HR Administration

SHRM Credentials Cause Confusion

By Rita Pyrillis

Aug. 4, 2014

The relationship between the Society for Human Resource Management and the credentialing organization that it created nearly 40 years ago has become a confusing one for the HR community in recent months. SHRM’s recent decision to launch its own certification program is stirring up even more questions, this time about the future of HR credentials.

Although they are legally separate organizations with different governing boards, SHRM and the HR Certification Institute have been closely intertwined since SHRM created the institute in 1976 to administer certification exams. The news that the two groups have severed ties took many in the HR community by surprise, including HRCI officials who criticized SHRM leaders for shutting them out of discussions on the new certification program.

“We’ve had a relationship with SHRM for 37 years, and we would have loved for them to talk with us about this, but they chose not to,” HRCI Executive Director Amy Dufrane told Workforce shortly after the announcement. “We hope that we will be able to have a continued partnership with them at the wishes of our profession and our board.”

However, SHRM President and CEO Hank Jackson maintained that the two organizations had discussed the future of their certification programs for months.

The relationship became stormier when SHRM revoked the memberships of HRCI staff members. They were also disinvited from attending SHRM’s annual conference in June, according to HRCI officials. SHRM officials declined to comment. In May, HRCI moved its office from SHRM’s headquarters in Alexandria, Virginia, to a temporary space nearby. The institute plans to move to a permanent home in September.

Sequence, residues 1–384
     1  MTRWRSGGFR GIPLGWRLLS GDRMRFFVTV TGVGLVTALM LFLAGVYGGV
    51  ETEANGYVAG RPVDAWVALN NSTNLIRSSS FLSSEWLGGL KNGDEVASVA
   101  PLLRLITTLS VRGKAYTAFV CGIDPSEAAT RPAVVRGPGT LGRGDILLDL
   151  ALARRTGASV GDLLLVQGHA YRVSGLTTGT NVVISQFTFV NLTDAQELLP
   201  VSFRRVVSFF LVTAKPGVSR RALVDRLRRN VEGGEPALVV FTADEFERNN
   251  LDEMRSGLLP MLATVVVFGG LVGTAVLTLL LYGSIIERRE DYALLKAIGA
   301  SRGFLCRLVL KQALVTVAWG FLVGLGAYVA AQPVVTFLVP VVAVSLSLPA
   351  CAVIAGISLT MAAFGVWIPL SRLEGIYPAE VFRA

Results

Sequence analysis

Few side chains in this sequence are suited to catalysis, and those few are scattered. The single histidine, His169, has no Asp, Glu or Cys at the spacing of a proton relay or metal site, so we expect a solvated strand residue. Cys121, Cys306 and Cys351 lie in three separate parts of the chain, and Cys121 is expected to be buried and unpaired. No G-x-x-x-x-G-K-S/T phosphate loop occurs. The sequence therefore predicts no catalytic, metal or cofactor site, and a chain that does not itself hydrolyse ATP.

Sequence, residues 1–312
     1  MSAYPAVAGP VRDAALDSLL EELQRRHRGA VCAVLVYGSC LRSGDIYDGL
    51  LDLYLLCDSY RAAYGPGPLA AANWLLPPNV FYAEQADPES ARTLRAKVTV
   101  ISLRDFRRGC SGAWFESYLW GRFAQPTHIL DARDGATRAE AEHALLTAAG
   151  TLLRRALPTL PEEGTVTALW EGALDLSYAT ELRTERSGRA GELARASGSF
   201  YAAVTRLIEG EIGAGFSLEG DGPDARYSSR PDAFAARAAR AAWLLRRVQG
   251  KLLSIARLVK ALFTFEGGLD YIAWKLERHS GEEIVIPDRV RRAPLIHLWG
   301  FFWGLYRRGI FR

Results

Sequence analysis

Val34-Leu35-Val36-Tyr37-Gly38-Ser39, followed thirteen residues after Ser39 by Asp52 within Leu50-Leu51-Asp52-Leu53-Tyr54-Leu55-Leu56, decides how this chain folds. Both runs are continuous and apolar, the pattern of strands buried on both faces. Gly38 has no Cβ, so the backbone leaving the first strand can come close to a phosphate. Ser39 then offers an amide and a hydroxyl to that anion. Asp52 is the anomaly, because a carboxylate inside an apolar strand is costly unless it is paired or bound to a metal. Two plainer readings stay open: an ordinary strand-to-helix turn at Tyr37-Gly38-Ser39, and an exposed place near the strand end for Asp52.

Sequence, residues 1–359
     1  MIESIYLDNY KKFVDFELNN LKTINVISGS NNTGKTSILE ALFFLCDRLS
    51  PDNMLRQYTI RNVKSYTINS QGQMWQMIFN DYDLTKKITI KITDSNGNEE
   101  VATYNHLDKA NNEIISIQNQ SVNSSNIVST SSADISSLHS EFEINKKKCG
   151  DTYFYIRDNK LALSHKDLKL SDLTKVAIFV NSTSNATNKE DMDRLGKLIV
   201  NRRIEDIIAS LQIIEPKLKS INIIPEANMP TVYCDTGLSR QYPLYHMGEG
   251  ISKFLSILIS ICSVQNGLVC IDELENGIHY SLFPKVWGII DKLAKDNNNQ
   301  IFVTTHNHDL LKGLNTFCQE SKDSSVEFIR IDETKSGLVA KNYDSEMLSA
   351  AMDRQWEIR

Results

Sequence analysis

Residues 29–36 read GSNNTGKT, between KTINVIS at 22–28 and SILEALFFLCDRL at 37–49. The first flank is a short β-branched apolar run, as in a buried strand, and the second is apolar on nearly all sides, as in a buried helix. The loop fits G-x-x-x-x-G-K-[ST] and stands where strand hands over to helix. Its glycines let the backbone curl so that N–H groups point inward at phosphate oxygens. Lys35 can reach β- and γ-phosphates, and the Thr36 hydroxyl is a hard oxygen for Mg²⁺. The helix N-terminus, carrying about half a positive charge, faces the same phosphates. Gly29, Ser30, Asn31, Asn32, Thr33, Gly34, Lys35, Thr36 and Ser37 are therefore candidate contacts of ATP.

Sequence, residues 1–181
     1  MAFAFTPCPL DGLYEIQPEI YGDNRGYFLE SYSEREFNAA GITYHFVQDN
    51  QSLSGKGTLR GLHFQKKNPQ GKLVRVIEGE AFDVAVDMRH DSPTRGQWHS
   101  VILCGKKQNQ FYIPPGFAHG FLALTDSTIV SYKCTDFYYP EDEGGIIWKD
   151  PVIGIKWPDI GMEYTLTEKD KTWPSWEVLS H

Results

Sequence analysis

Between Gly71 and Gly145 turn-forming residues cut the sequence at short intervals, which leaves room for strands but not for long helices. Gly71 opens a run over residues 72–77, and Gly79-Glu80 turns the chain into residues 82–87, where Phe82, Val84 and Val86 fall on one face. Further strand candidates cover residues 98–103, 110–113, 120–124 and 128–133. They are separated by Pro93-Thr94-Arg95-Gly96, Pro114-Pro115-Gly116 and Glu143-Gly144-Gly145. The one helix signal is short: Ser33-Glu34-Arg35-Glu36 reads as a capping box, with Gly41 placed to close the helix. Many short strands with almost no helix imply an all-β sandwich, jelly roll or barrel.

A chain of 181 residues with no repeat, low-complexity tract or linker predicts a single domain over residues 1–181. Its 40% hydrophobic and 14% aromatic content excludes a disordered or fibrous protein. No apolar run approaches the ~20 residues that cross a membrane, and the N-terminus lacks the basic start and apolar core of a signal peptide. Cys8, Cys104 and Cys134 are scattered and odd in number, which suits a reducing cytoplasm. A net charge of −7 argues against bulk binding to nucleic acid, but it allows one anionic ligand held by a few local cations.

Many attendees at SHRM’s conference expressed concern that their HRCI credentials would become obsolete. Others, like Bob McKenzie, an HR consultant who is HRCI-certified, criticized the association for its poor handling of the rollout.

“I ate lunch with 10 people and none of them were in favor of” SHRM certifications, McKenzie said.

SHRM will offer two certificates: the SHRM Certified Professional for those in the early stages of their careers and the SHRM Senior Certified Professional for practitioners with at least six years of experience.

HRCI certificate holders will not have to give them up in order to pursue the SHRM credentials, according to SHRM spokeswoman Amy Thompson. HRCI offers three main credentials — the Professional in Human Resources, the Senior Professional in Human Resources and the Global Professional in Human Resources.

Thompson said in a written statement that applicants will have to show HRCI credentials in good standing, sign the SHRM code of ethics, and complete a brief online tutorial on the competency model. HRCI certificate holders can then obtain the new credentials, which will be available starting on Jan. 1, 2015, at no cost. They will have to renew their certificates after three years.

Rita Pyrillis is a writer based in the Chicago area.

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